“Islam does not recognize the so-called religious state. A state is basically a civil one,” Egypt’s former grand mufti, Ali Gomaa said in an interview.
The term “civil state” is not at odds with Islamic sharia, Gomaa said in an interview with Kuwaiti Al-Rai newspaper published Saturday.
“Prophet Mohamed never called for resurrecting the Islamic Caliphate after its end, but rather ordered us to detach ourselves from religious partisanship,” Gomaa said, dismissing calls by extremist group the Islamic State to establish and Islamic Caliphate as lies.
“Holding Shias as infidels is not permissible as long as they deny the points of dispute with the Sunnah,” Gomaa, the former top religious authority of the mainly-Sunni country, said.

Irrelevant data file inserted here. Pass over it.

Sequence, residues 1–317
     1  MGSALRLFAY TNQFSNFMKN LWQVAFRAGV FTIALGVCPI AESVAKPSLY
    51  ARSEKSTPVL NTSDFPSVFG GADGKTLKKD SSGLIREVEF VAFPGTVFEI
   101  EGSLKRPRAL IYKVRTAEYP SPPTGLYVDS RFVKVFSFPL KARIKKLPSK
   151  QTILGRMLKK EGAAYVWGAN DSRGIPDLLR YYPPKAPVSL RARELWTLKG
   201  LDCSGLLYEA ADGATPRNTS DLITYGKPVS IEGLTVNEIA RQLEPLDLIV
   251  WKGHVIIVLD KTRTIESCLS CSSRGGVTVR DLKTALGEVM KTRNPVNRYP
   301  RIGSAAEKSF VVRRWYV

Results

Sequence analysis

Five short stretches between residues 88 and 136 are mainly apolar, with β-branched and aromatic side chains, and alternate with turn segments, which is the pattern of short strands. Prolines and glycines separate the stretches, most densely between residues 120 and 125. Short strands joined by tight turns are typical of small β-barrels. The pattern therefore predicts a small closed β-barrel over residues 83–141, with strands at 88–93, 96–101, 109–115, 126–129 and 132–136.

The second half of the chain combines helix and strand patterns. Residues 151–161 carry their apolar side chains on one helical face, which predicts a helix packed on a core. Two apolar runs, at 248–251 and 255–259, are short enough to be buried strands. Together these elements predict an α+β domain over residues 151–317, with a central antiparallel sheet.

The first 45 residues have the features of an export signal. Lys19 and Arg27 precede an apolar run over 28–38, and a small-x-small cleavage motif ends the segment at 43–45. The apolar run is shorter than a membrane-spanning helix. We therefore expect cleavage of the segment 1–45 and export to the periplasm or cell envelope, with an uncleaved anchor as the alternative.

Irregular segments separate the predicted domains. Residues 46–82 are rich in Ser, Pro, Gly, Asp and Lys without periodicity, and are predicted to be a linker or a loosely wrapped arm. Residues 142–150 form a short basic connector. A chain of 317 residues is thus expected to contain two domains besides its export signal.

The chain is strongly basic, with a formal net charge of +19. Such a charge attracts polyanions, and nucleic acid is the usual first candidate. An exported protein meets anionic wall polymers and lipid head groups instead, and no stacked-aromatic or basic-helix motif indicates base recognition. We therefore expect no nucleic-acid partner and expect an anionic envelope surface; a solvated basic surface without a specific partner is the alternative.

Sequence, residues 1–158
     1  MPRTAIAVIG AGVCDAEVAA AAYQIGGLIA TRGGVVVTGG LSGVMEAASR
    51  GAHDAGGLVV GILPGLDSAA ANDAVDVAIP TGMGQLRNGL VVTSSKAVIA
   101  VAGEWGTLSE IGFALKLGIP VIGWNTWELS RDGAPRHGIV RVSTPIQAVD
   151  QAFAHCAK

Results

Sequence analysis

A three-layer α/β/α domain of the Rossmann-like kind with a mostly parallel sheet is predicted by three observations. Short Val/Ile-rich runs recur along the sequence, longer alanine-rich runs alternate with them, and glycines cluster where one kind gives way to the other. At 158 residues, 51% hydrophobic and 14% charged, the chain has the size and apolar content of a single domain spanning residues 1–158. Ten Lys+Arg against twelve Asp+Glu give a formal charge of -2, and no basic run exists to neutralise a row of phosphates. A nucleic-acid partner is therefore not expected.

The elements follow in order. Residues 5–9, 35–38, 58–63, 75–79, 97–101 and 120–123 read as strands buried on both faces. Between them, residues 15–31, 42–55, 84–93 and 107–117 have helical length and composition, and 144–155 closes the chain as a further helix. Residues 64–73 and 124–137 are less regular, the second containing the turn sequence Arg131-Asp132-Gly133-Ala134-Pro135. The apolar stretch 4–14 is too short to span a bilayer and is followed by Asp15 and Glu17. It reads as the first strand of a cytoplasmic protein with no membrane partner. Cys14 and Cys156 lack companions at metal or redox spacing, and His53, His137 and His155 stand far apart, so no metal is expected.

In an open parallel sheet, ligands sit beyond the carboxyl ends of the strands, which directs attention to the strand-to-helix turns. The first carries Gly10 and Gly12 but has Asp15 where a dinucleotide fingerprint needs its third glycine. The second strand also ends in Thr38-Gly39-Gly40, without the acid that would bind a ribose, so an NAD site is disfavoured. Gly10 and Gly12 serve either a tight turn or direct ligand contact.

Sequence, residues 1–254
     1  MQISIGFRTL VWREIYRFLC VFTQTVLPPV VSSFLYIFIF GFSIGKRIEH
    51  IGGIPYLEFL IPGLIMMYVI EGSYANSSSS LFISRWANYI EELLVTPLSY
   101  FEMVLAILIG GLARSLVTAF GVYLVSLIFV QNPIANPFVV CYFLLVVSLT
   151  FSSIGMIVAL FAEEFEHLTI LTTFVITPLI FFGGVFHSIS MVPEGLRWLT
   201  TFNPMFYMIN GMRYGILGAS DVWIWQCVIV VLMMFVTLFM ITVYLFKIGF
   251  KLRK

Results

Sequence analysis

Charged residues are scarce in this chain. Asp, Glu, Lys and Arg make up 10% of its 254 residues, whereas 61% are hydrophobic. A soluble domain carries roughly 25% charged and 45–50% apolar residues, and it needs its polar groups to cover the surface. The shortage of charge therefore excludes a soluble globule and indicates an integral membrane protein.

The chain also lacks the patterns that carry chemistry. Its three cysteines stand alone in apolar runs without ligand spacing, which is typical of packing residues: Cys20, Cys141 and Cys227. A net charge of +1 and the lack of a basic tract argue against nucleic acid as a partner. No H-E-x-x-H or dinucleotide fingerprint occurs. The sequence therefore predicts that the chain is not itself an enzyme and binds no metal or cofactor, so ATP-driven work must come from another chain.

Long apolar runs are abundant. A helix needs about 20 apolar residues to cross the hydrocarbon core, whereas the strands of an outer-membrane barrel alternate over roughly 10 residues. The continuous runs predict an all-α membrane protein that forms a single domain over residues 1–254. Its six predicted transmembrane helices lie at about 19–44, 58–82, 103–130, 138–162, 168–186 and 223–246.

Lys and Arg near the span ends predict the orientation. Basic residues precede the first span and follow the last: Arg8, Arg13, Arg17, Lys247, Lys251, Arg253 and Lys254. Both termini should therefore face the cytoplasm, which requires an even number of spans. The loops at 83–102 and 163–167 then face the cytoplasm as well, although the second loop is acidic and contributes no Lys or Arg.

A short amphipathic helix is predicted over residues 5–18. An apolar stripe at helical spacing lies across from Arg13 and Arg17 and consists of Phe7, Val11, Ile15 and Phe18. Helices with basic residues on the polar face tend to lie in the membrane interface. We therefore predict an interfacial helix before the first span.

Hardline Sunnis behold followers of Shia Islam as infidels. Egypt has cracked down of religious rituals by its Shia minority.
“Sunnis disagree with Shias on some major issues, such as the manipulation of Quran and the derogation of the Prophet’s companions,” Gomaa said, adding that when he faces Shia scholars with such issues, they deny their existence in their faith, which makes it nonpermissible to excommunicate them.
Edited translation from Al-Masry Al-Youm